President Obama’s pick for EPA Administrator is receiving praise from a range of groups including state governments, environmentalists, and industry representatives.
Gina McCarthy, President Obama’s choice to be Administrator for the U.S. Environmental Protection Agency after the resignation of former Administrator Lisa Jackson, is expected to face a tough confirmation hearing in the coming days.
But those who worked with her in her past careers throughout New England are praising her as a strong leader and for her ability to find common ground on contentious issues.
In Massachusetts, McCarthy served as an environmental advisor for five governors including Mitt Romney. She held senior positions in both the Executive Office of Environmental Affairs and the state office of Commonwealth Development.
Andre Mayer, Vice President of Research at Associated Industries of Massachusetts, praised McCarthy for her ability to work with industry in developing environmental policy.
“Gina McCarthy is in our view one of the outstanding people we’ve worked with in state government here in Massachusetts,” said Mayer. “She’s obviously very committed to environmental issues which sometimes have put her at odds with our position, but she’s a very serious person who weighs issues very carefully, understands both sides of the questions, and understands the decisions the government makes are complex and have to be considered in other aspects.”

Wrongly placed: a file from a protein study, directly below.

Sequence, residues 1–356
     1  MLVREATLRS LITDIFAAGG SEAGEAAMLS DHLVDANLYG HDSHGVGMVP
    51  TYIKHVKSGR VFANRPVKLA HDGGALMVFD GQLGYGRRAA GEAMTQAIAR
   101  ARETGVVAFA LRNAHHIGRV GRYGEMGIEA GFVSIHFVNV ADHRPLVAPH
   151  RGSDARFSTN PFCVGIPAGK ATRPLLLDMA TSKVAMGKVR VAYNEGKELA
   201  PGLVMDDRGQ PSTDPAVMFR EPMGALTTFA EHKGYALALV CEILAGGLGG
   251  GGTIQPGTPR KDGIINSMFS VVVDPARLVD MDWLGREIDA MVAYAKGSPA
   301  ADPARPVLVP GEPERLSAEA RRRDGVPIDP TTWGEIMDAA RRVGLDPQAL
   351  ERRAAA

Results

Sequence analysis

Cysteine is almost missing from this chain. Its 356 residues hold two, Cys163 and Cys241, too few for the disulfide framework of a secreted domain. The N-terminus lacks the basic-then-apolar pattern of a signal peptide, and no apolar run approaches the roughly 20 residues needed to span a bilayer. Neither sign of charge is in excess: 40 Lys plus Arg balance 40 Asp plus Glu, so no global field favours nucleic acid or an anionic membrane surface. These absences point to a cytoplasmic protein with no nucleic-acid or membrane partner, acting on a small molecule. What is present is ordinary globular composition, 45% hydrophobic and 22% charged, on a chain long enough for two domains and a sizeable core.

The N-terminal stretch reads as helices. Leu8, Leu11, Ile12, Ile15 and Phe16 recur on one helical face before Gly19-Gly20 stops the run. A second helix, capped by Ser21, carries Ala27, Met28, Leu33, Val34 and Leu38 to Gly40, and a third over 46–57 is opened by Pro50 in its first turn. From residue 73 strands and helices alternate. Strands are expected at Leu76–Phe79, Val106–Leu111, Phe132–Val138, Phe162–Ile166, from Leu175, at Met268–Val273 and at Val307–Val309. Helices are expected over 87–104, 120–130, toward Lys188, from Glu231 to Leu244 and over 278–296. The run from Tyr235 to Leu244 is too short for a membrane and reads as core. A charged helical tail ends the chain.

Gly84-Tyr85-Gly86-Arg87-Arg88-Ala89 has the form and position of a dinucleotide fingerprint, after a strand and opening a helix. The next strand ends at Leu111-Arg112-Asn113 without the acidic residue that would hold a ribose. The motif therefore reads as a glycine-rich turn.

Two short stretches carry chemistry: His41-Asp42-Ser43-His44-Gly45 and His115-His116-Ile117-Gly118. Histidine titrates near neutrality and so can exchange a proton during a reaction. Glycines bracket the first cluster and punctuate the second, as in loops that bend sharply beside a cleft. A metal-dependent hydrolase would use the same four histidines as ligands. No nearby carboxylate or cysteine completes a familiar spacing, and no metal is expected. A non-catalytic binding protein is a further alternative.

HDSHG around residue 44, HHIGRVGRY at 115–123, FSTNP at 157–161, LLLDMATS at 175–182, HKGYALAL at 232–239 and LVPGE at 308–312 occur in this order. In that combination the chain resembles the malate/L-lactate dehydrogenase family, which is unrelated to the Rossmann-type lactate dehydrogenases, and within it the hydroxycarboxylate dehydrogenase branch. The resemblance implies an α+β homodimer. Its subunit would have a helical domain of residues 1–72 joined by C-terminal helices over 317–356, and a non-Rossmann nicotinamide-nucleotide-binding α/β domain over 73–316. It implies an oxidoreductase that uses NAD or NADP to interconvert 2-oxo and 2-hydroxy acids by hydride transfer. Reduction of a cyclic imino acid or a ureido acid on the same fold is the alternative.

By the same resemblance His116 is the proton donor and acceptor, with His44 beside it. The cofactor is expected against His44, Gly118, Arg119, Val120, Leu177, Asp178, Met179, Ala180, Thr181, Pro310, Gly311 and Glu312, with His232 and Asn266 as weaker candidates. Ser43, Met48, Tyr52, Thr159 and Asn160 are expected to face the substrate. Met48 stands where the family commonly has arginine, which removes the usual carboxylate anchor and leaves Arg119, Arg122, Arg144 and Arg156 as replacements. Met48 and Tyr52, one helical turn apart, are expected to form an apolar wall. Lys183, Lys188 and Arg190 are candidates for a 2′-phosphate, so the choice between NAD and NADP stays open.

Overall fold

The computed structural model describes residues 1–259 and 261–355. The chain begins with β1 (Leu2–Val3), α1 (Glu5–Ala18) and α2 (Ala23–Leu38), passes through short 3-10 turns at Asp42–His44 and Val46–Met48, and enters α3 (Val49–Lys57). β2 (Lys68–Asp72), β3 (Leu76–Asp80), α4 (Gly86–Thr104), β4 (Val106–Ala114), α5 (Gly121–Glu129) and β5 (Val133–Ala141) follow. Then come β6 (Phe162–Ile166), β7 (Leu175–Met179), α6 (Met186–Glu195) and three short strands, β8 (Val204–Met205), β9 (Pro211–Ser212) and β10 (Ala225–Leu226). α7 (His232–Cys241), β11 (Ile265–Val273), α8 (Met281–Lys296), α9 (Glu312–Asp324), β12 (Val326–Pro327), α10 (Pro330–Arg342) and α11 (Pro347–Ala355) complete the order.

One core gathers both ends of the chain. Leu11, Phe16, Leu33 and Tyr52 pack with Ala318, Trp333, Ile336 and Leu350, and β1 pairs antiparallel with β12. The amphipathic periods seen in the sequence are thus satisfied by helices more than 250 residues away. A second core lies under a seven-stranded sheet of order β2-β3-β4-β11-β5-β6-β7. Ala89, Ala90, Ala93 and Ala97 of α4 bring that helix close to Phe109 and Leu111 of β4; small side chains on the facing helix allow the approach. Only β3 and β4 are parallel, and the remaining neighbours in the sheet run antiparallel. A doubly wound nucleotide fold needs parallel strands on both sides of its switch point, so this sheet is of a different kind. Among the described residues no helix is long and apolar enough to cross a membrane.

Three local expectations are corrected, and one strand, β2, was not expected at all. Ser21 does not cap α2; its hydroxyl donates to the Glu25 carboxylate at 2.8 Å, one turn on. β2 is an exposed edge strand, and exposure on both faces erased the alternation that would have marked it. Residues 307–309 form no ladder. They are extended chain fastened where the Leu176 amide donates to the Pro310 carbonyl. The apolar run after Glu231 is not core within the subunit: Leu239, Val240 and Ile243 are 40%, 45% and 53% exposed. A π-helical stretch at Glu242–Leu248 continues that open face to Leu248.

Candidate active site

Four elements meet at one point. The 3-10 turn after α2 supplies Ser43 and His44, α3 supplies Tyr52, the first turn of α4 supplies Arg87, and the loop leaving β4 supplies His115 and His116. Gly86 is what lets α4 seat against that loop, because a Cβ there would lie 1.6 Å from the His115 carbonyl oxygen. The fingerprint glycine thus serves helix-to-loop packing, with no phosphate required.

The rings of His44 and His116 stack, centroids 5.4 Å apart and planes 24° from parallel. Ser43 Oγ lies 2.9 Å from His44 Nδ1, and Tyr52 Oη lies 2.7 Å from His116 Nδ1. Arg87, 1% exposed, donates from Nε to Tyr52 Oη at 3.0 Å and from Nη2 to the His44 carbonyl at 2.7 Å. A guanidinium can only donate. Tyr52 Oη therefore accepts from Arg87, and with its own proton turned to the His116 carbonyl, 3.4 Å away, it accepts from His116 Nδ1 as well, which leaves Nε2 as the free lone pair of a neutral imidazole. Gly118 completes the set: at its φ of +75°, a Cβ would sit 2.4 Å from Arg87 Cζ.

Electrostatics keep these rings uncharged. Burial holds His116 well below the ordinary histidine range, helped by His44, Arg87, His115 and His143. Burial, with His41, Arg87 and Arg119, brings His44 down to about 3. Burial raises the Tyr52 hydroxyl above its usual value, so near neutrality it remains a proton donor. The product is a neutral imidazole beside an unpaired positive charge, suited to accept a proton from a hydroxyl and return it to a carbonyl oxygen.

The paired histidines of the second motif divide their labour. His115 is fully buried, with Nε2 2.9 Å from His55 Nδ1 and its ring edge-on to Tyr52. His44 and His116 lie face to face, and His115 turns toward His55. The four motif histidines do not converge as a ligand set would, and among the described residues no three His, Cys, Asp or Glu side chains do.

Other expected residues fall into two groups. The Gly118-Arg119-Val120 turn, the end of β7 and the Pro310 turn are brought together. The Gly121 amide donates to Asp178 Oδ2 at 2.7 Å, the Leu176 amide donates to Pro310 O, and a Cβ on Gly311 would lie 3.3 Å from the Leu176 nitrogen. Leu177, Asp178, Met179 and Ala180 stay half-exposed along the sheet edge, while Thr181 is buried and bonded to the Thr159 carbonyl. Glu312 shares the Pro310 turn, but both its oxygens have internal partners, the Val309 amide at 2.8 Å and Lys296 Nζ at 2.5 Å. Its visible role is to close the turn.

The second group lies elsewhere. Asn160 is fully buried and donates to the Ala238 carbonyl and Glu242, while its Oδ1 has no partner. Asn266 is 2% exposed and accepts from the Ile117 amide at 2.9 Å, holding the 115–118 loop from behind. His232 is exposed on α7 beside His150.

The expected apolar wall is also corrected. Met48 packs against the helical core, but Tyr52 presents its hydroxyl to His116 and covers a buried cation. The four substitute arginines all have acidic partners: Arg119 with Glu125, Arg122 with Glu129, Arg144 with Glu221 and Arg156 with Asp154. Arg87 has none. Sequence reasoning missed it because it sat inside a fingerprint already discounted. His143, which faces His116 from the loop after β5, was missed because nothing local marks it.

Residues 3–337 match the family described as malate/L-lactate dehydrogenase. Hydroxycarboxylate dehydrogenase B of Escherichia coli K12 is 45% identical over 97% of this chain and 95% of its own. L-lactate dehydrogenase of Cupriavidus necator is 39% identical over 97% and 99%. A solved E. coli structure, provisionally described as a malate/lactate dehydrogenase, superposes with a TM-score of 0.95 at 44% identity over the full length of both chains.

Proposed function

McCarthy also served as Commissioner of Connecticut’s Department of Environmental Protection from 2004 to 2009. In a statement, Connecticut Governor Dannel Malloy said that McCarthy “was a fierce advocate of the state’s natural resources—her legacy of environmental protection continues to this day in the programs spearheaded by DEEP.”
Clean Water Action, a group that advocates for clean air and water throughout New England, also praised the work and vision of McCarthy. New England Regional Director Cindy Luppi said that while her organization was advocating with community groups for stricter air pollution requirements for Massachusetts power plants – a campaign referred to as the “Filthy Five” – McCarthy was able to hear both sides with a goal of protecting public health and reducing pollution.
“There was a real focus on feasibility,” said Luppi, “and at the end of the day we could actually get to cleaner air. And after months and sometimes years of these discussions, she really helped to make sure the tougher cleanup standards moved forward.”
Tim Gray, leader of the Housatonic River Initiative, a group of concerned citizens in the Berkshires advocating for the swift cleanup of PCBs from the Housatonic River, said that he hopes that a new EPA administrator will stick with the group’s mission to remove the believed-to-be cancer causing chemicals released by General Electric into the Housatonic River.
“Definitely more attention, and also to do the best cleanup we can. This is our one chance to do it right,” said Gray.
An aide for New York U.S. Senator Kirsten Gillibrand, a member of the Senate Committee on Environment & Public Works, said that the Senator is “looking forward” to meeting McCarthy, and the confirmation hearing that could approve her as the next EPA Administrator.